LatinxVC, a non-profit group led by experienced venture investors focused on growing and supporting the Latino/a venture capital ecosystem, released its second annual State of Latinx VCs report. Although the Latino/a population comprises 19% of the US population, Latino/a investment professionals make up only 2% of total venture capital investment professionals and 2% of partner-level venture capital investment professionals at institutional VC firms.
A non-profit focused on increasing the number of Latino/a professionals in VC, LatinxVC has over 150 active members, including the majority of Latino/a general partners in the US. The organization has remained focused on its five core pillars: 1) increasing the representation of Latino/a professionals in VC, 2) supporting the career development of Latino/a VCs through mentorship, 3) building community among Latino/a investors by hosting intimate gatherings including its Annual Summit, 4) improving access to capital for Latino/a-led venture firms, and 5) being a reliable source of education and data for the industry.
Since releasing its first State of Latinx VCs Report just over a year ago, the organization found in its second LatinxVC Second Annual State of Latinx VCs Report:
- Although the number of Latino/a VC investors grew by 36%, Latino/a investors remain only 2% of the industry. While the percentage has remained the same, we saw absolute numbers increase from 145 last year to 197 investment professionals this year. Given the small base, Latino/a investors remain 2% of the industry relative to 19% of the U.S. population.
- The percentage of Latino/a investors at institutional firms rose. Latino/a partners at institutional firms and emerging firms increased by 39% and 40% respectively. More than 80% of non-partner level Latino/a investors who joined the industry joined institutional firms. As a result, of all Latinos/as in the industry, the share of those at institutional firms increased from 41% to 54%.
- The Bay Area lost Latino/a investors while New York and Miami gained. In 2021, the Bay Area had 50% of all Latino/a VCs, but in 2022, that dropped to 39%. The biggest increases have been on the East Coast. New York’s share of Latino/a VCs increased from 16% to 20%, driven by strong growth at institutional firms. Miami’s share rose from 7% to 10% (Miami was part of “other” in the 2021 report, and it is now separate for this report). For the share of institutional investors, New York went from 13% to 24% in 2022 and has surpassed the Bay Area in total Latino/a non-partner investors.
- Latinos/as make up only 3% of all institutional firm partners, and only 13 institutional firms have had a Latino/a co-founder. The number of institutional firms founded by Latinos/as continues to be very small and shows how much work is ahead of us.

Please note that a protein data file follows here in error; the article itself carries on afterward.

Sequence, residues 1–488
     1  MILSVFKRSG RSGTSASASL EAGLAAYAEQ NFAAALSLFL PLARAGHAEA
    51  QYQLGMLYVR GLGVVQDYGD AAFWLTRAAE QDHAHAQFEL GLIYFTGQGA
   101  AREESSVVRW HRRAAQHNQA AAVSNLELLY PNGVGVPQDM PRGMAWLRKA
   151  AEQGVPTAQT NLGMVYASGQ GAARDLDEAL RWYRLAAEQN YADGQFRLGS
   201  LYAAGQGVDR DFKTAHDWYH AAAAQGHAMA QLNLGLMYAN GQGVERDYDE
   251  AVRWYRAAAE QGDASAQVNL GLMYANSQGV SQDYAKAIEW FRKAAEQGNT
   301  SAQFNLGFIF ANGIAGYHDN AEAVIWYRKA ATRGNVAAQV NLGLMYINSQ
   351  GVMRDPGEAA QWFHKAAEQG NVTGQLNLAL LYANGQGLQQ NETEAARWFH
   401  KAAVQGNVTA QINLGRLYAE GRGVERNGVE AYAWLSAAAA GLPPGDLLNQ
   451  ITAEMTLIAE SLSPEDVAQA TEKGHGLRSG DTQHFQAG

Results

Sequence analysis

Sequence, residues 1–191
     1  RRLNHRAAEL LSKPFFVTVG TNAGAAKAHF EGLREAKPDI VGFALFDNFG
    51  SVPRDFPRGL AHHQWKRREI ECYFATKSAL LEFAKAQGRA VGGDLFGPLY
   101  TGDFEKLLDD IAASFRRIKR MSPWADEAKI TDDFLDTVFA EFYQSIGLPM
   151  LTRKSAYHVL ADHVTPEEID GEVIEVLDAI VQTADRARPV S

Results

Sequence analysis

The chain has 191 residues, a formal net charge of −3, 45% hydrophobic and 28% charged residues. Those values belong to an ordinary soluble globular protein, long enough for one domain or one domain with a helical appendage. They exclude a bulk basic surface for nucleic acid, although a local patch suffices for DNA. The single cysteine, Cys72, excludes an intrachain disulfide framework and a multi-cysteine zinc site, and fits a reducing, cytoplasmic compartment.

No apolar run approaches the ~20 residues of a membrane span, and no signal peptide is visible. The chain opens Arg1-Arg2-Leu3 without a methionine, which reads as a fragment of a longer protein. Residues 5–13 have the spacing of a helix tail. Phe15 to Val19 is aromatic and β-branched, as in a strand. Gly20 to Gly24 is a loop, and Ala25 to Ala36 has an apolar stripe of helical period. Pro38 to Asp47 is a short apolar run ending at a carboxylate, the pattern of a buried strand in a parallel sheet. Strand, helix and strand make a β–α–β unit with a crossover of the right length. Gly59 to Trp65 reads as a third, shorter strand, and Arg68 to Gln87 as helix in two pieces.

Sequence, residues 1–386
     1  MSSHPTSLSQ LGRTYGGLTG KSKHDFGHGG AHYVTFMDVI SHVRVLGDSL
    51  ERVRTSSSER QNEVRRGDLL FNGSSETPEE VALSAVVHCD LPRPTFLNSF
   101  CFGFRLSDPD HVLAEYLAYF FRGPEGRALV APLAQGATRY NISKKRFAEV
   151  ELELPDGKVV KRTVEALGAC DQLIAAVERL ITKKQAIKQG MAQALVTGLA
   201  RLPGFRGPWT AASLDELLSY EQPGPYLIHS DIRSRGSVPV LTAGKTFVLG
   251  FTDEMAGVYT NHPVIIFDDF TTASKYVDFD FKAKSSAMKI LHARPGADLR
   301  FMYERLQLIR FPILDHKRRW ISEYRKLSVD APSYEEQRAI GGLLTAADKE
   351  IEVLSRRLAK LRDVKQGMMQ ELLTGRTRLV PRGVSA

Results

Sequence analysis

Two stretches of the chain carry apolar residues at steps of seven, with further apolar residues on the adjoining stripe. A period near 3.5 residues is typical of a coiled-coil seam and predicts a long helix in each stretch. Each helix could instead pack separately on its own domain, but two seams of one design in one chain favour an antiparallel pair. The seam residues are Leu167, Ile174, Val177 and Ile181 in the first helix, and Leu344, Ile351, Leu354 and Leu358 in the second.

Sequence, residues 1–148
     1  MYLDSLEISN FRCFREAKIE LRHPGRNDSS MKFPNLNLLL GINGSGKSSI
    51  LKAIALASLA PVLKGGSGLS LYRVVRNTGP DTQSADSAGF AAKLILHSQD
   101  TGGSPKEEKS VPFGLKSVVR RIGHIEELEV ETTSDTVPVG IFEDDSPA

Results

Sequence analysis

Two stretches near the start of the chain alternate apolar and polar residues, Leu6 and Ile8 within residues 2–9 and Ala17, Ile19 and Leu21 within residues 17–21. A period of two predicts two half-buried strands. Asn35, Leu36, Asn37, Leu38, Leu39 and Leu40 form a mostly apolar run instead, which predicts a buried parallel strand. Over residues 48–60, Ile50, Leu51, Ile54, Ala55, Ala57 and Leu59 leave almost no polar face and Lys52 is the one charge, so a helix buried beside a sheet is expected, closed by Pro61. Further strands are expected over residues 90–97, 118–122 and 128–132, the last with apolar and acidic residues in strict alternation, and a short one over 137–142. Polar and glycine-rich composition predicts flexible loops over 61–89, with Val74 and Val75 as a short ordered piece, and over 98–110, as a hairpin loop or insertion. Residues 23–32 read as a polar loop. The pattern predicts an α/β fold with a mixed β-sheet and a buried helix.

- The fund size raised by Latino/a emerging general partners (GPs) is increasing. From 2021 to 2022, there was nearly a 2x increase in the number of funds $26M–$50M and over a 2x increase in the number of funds above $75M. In the last 12 months, there has been a 3.6x increase in AUM by Latino/a GPs (AUM assumes successful capital raise if one is underway). Larger fund sizes enable fund managers to access a wider range of capital sources.
“While a slight positive change in representation is better than nothing, the industry has a long way to go in creating an environment that is conducive to the success of Latino and Latina VC professionals,” said Mariela Salas, Executive Director at LatinxVC. “We have reviewed extensive research that shows shared ethnicity increases the probability of funding matches. Put simply, people invest in those they look like and can relate to from a cultural standpoint. Without diversity on the equity investment side, VC firms will continue to miss funding opportunities and the benefit of working with talented Lationo/a professionals who can contribute new perspectives and ideas.”
The report was previewed at LatinxVC’s Inaugural Annual Summit on November 30th in Miami, Florida, the first-ever gathering of U.S Latino/a venture capital investors. “This has been a huge year for the organization, doubling down on our data-driven approach, our inaugural summit, and hiring our first Executive Director,” said Maria Salamanca, Board of Directors President.
The organization had early support from its founding partner, Silicon Valley Bank, as well as Fenwick, NEA, Norwest Venture Partners, GV, and Kapor Center.
Read the report here: State of LatinX VCs.
LatinxVC is a 501(c)(3) non-profit organization focused on growing and supporting the Latino/a venture capital ecosystem. The organization aims to increase the representation of Latino/a professionals in venture capital, help Latino/a venture investors build their careers and networks, and improve access to capital for Latino/a-led venture firms. When venture investors are empowered to show up as their authentic selves, the flow of capital from limited partners to venture capitalists and ultimately to startup founders becomes more diversified, impactful, and representative of U.S. demographics. For additional information, visit https://latinxvcs.com.
 For the purpose of this report, LatinxVC defines “Institutional VC firms” as venture capital firms whose latest active fund is at least $100M.